Consecutive leases are multiple leases for the same parcel of land that are granted to a person or an associated person at the same time, and are linked to take effect immediately after one terminates. Under the previous rules, depreciation deductions on a lease could be accelerated by entering into consecutive leases, including involving associated persons, rather than a single lease.
Section EE 67 has been amended to include consecutive leases in the existing definition of "legal life" for a lease and licence to use land. The definition of "legal life" is used to determine the annual depreciation rate for an item of fixed-life intangible property, such as a lease of land, in section EE 33.
If consecutive leases over the same parcel of land are granted to a person or an associated person at the same time, the term of a lease owned by the person also includes the terms of consecutive leases owned by that person or their associate. This has an effect of treating consecutive leases as a single lease.
On 1 April 2015, A Ltd and its associates, B Ltd and C Ltd, enter into three separate leases for the same parcel of land to take effect immediately after one terminates. The first lease commences on 1 April 2015. Each lease lasts for 10 years.
A Ltd, B Ltd and C Ltd are associated and they have entered into consecutive leases for the same parcel of land on the same day. Therefore, under the new rules:
Any genuinely subsequently negotiated leases or licences of land are not counted towards the legal life of a lease. Consecutive leases would need to be acquired by the person or associated person at the same time to be counted towards the legal life of a lease.
This is an anti-avoidance measure preventing the timing of depreciation deductions for the cost of acquiring a lease (a lease premium or lease transfer payment) being accelerated by entering into consecutive leases. If consecutive leases are entered into around the same time (such as one day apart), the general anti-avoidance provision in section BG 1 may apply to counter any transactions that attempt to circumvent this measure contrary to the policy intent.
The definition of "land provisions" in section YA 1 has been amended so that the definition of "associated person" applying in section EE 67 is the one applicable to land provisions.
Also, paragraph (d)(v) of the definition of "lease" in section YA 1 has been amended to remove the Commissioner's discretion to determine consecutive leases for the purposes of personal property lease payments. A similar definition to the one that has been inserted in section EE 67 for depreciation purposes has been adopted to provide certainty and consistency.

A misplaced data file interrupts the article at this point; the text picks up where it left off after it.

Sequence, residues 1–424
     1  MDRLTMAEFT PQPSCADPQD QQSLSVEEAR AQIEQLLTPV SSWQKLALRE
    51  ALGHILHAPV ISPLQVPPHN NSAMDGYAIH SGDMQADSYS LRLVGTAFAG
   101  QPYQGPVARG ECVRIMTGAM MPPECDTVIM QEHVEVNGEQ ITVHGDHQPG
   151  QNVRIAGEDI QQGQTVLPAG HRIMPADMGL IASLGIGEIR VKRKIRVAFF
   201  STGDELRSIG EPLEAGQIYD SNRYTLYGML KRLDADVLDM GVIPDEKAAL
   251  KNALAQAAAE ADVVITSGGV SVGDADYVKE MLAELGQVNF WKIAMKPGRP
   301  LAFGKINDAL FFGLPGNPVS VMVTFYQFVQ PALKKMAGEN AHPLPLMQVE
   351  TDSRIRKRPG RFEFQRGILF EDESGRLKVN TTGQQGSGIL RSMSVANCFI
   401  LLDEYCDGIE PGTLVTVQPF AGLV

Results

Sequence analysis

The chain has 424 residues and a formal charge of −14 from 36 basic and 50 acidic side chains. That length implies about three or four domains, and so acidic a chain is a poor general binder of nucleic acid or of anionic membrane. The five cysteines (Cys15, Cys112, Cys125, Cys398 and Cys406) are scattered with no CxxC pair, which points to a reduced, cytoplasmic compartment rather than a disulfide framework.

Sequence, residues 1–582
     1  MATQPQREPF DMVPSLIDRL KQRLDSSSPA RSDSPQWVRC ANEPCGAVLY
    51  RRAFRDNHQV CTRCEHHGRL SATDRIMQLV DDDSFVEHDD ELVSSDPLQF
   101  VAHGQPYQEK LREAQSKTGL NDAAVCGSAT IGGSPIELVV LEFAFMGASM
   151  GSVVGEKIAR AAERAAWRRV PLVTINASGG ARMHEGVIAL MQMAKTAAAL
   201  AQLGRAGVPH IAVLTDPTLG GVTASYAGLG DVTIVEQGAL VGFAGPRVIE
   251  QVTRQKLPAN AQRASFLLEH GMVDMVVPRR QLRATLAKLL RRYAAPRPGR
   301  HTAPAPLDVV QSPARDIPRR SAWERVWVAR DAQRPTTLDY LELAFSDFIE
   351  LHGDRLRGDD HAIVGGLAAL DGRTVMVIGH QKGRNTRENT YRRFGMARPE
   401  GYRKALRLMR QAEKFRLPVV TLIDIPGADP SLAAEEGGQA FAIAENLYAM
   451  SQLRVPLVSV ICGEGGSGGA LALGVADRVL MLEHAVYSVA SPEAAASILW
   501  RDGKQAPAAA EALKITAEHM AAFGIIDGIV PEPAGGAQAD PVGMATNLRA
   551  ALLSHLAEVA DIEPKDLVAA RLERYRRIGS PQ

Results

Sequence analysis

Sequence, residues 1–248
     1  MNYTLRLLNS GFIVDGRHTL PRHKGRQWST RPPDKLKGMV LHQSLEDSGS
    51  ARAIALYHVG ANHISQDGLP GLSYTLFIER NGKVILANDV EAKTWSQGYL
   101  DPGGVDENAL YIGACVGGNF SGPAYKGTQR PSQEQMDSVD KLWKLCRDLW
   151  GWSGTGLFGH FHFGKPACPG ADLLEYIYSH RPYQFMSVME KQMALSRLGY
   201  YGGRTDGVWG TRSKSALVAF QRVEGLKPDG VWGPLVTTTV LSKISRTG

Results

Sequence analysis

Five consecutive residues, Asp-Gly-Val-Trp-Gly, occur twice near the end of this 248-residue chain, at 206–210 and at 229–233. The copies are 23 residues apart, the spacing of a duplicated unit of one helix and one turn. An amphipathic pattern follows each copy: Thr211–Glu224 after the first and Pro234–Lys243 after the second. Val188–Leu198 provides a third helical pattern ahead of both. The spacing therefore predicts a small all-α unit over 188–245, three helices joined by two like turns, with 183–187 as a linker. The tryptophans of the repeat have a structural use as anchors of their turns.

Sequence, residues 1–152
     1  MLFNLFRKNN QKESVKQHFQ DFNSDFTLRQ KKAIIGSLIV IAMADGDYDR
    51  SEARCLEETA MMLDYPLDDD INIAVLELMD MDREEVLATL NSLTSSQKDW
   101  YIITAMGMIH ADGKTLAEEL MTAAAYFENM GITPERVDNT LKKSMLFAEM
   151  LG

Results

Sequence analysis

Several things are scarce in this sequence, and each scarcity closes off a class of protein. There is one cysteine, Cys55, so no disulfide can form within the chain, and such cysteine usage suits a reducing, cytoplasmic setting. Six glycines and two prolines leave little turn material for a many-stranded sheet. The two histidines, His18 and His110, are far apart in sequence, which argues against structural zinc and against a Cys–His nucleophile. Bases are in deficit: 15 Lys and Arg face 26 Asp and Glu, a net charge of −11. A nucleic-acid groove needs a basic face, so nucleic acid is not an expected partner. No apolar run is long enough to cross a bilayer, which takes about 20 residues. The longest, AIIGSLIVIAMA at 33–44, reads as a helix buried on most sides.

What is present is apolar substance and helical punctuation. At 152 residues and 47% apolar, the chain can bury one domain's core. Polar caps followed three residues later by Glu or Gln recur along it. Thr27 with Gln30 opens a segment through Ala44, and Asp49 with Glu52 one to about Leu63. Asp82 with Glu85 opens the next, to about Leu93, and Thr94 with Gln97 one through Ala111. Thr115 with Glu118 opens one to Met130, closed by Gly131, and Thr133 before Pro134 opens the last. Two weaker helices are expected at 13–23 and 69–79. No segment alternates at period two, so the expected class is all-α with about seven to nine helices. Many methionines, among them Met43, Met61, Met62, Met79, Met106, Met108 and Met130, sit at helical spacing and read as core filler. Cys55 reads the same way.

These amendments apply from 1 April 2015.
Retirement Village Occupation Rights
Section YA 1 of the Income Tax Act 2007
The amendment ensures that all occupation right agreements under the Retirement Villages Act 2003 are excluded from the financial arrangement rules.
Leases are excluded from the financial arrangement rules because they are excepted financial arrangements under section EW 5(9). However, retirement village occupation rights that are licences to occupy were previously regarded as financial arrangements because they were not a lease for the purposes of the financial arrangement rules as defined in section YA 1.
Treating certain retirement village occupation rights as financial arrangements was undesirable; if certain retirement village occupation rights were subject to the financial arrangement rules, there could have been tax consequences for a retirement village resident.
Paragraph (f) of the "lease" definition in section YA 1 has been amended to include an occupation right agreement as defined in the Retirement Villages Act 2003. Retirement village occupation rights are therefore treated as an excepted financial arrangement in section EW 5(9), and accordingly excluded from the financial arrangement rules.
This amendment aligns the treatment of retirement village occupation rights, that are licenses to occupy, with leases of land under the financial arrangement rules, and provides certainty that retirement village residents will not be subject to these rules.
The amendment applies from 1 April 2015.
1 Lease surrender payments are taxable under section CC 1C of the Income Tax Act 2007.
2 For income tax purposes, an interest in land has the same meaning as an estate in land.
3 Note that the payment from the landlord to the new tenant for the lease transfer is deductible to the landlord under section DB 20B and taxable to the new tenant under section CC 1B.
4Note that the land provisions in sections CB 6-CB 23B continue to apply to permanent easements.